First, I was able to lower the entire assembly by 3/8 of an inch by taking it apart, re-drilling the support holes, moving the screws and grinding the excess off. Lucky I am not getting paid for my effort - I would be getting 25 cents an hour at most.

Second, I rerouted the drain plumbing to the back of the cabinet, as shown.

I read about this technique in a magazine, and I have done our bathroom this way as well. It gives you a whole lot more usable cabinet space under the sink. The trap is hinding behind the disposal. I made sure the long drain pipe from the right sink has good downward pitch. Also, the pre-finished maple plywood shown, along with the poly glued joints, make a very water-resistant cabinet.

To deal with the last 1/4 inch of interference, I ground the back of the garbage can down about 3/4 of an inch.

After all this work, I have to admit I am happy with the result. Everything just fits, and gives my DW the most storage space under there.

Final tip: I did not mount the slide assemblies directly to the cabinet bottom. I put a washer between the wood and the brackets where each screw went in. This gives about 1/16 inch space, so if water does get down there, it will help it dry out faster.

Friday, December 15, 2006

Taking a break and catching up on some reading

Like many of you, I am taking a break from remodeling to enjoy Christmas and the holidays. In the mean time, I am reading through a couple of favorite books on home design:

In general Architecture Week is a very good site for ideas - light on ads and fluff, heavy on ideas and content.

A great place to start is their library page:

Wednesday, December 13, 2006

I started a parent site: Greengate Ranch Remodel

When I started the 10K Kitchen Remodel blog, I really had no idea that other people blogged about the work they did on their homes,, etc. I quickly came to find out that I am one of the many, not the few.

We purchased our current house to remodel it into what we wanted. The location and land were really what we were looking for, but to get that, we needed to by an older home that was not part of the new developments. If you know the Portland, Oregon area, you know that new homes come on lots the size of a manhole cover.

I will keep up this blog, since it is very specific with planning, costs, suppliers, etc., and continue to build my new one, covering our work on the whole house.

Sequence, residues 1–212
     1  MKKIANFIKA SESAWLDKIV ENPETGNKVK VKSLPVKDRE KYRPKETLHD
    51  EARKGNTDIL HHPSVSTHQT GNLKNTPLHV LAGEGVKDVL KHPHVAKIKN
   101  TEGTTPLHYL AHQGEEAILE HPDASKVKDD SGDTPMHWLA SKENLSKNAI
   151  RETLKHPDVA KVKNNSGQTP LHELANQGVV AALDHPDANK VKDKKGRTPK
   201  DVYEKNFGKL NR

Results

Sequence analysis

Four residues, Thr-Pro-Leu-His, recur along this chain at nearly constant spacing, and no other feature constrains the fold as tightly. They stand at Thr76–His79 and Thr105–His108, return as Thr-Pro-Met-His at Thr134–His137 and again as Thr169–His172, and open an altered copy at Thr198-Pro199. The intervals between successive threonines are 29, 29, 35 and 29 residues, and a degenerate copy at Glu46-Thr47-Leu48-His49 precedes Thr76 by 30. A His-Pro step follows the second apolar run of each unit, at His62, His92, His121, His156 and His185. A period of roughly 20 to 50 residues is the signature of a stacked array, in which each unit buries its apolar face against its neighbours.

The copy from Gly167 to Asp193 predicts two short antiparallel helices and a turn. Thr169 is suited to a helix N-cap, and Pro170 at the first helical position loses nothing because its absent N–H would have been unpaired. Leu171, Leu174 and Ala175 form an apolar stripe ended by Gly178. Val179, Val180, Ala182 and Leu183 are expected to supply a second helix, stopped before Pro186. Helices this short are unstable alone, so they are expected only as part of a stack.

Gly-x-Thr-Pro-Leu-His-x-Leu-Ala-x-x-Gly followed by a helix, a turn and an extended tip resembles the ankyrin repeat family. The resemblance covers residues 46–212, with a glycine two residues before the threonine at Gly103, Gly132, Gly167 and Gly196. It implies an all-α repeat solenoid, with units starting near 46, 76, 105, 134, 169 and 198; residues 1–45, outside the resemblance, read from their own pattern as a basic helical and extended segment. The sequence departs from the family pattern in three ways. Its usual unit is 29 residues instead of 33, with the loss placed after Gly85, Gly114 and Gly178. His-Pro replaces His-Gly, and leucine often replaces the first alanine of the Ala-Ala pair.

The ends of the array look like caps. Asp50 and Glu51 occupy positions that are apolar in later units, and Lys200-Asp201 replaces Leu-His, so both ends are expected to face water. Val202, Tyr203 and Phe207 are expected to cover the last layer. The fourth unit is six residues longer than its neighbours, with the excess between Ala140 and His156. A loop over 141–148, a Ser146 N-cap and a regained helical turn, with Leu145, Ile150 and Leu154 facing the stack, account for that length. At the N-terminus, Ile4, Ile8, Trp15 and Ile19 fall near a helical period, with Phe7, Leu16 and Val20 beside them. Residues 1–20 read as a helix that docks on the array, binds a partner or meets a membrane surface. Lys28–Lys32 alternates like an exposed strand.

Sunday, December 10, 2006

Trouble with pull-out garbage can

We bought a pull out garbage can from The Container Store - and its about an inch too tall!

I had to move the garbage disposal to the deeper sink, and try to mount the can on the shallow side. Once I started measuring the space against available products, I realized that I would have to do this no matter what.

I made the drain pipe take an immediate out of the sink strainer and moved the trap to the back, and I still have about 1/2 an inch to go. Next I am going to take the metal assembly apart - I figure I can get about 5/8 of an inch by re-drilling the holes, etc. If all else fails, I will cut a little bit off the back of the plastic lip, which I really don't want to do. I am glad that most of the things we are doing don't take this much fiddling... The cost was $49.

In addition to this, we also bought an under-sink wire slide-out organizer for $59.

Total cost $108.

Saturday, December 02, 2006

Break in Holland

I am working in the Neatherlands (Eindhoven) for the next week, so I get a break from the remodel work. I am glad to get a rest from the kitchen, but also anxious to continue the momentum. Once I got the sink in and the water running, I needed to travel.

My DW put plastic down on the plywood countertop base and started using the kitchen. She is really a trooper about the remodel, expertly handling the the dust, dirt and general chaos.

Since I come over here regularly, we have been trying to find antique chocolate molds, waffel irons, etc. to display on the open wall and soffit shelf we are putting in.

Wednesday, November 29, 2006

Garbage Disposal: $130

I am catching up with the logging on the costs for the "10K kitchen remodel"...

We choose the Insinkerator 444. It is 3/4 HP and sound insulated, all for $130 as a special buy at HD. The online prices are $129 to $179 plus shipping, so HD was a good way to go.
The installation was nothing but simple: A snap-ring, 3 support bolts, mount the thing and twist tight. The only down side, it didn't come with a power cord, so a heavy-duty power-strip got canniblized (yes, it was 12 gage wire).